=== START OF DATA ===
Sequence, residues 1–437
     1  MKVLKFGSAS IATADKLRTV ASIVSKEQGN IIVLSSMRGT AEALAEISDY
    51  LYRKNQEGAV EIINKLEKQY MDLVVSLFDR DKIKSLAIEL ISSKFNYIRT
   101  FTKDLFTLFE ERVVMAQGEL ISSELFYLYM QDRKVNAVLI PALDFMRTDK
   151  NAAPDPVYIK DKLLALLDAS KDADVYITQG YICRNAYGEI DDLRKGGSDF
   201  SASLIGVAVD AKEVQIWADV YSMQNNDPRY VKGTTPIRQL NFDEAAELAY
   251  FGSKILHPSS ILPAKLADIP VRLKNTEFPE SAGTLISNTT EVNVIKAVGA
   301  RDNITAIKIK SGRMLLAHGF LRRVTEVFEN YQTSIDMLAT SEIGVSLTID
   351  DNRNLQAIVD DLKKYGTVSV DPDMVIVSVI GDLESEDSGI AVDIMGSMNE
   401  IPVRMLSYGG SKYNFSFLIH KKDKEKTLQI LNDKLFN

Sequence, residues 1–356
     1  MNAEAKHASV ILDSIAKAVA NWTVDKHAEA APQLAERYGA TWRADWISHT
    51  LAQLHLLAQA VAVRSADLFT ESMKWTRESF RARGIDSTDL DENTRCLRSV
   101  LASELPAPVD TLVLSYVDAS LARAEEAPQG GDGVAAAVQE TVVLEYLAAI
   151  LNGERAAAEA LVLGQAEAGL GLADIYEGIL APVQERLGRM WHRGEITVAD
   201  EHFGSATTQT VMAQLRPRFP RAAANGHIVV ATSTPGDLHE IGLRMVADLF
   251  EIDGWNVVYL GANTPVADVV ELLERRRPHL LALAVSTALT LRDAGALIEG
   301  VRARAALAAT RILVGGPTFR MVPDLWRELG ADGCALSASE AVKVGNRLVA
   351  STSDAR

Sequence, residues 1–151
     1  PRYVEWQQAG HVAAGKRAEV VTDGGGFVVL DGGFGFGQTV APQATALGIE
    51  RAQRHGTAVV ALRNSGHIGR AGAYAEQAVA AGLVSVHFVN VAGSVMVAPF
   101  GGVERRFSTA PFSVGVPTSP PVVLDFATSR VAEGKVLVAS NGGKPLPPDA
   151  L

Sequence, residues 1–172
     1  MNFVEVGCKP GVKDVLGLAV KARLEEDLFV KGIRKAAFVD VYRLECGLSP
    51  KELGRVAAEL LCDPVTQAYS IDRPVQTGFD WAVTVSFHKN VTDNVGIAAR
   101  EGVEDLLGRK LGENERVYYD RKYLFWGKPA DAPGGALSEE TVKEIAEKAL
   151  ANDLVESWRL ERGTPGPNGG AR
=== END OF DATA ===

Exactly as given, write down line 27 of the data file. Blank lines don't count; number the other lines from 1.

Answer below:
    51  KELGRVAAEL LCDPVTQAYS IDRPVQTGFD WAVTVSFHKN VTDNVGIAAR